This is your classic road story. Growth, discovery and learning to face an ultimate threat. The Popol Vuh is the major text containing the creation myths of the Mayan people. For many years, the only copies were those transcribed by a Franciscan monk in the 18th C. These texts were clearly influenced by the Catholic beliefs and have altered the underlying story. This version was translated into several languages and remained the sole source of these creation myths. Recently however, while investigating the water collection system at the city of El Mirador in northern Guatemala’s Petén rain forest, a team of archaeologists led by Richard Hansen of Idaho State University uncovered a sculptural panel with one of the earliest depictions of the Maya creation story. This discovery was made in 2009. The sculpture dates to the same period as some of the earliest artwork to depict the Popol Vuh, the murals at San Bartolo and a stela at Nakbe, two other nearby cities and dates to about 200 B.C.
The creation myths contained in the Popol Vuh and other archaeological discoveries around early Mayan civilisation show several anomalies that lead to inevitable questions. Why would the Mayans build large road systems to rival those of the Roman Empire, when they possessed no wheeled vehicles or beasts of burden? How do we explain some of the carvings found in many of the Mayan temples and cities? Why were some of these places simply abandoned? What prompted the belief that sacrifices involving the removal of hearts appeased the gods?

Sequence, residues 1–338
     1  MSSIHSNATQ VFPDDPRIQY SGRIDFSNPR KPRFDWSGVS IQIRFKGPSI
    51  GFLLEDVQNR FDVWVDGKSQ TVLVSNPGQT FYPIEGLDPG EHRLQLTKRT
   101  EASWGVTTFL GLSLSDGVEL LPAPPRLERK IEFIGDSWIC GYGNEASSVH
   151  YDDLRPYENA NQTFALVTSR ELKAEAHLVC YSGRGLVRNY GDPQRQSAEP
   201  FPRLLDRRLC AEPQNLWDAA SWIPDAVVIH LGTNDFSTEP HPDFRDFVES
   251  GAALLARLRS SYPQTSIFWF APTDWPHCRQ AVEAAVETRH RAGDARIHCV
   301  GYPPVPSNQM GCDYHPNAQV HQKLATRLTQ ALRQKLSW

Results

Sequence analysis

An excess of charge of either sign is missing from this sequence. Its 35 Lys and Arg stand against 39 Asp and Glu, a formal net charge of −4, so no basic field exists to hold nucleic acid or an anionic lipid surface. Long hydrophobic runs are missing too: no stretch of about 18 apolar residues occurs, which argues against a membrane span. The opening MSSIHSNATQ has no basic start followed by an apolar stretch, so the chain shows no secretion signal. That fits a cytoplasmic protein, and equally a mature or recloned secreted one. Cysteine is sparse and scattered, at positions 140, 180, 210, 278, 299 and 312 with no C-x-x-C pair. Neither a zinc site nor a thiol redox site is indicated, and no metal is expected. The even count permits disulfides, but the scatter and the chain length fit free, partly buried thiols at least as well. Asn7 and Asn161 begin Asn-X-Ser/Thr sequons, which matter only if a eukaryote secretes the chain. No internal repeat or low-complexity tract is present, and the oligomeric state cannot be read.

There exist multiple sources online containing both old and new translations of the Popol Vuh and numerous discussions about Mayan civilisation and its decline and disappearance. For those that are interested these are well worth taking a look at. Some of the stuff is truly fascinating. Reading the Popol Vuh in its entirety, there are surprises associated with some of the comparisons to be drawn with completely different religions, a great flood, the fall, oceans parting to allow passage, similar parallels. It’s worth the short read just for those.
Within this novel, and Tohil’s journey, you discover some answers to these questions and how they might have come to be.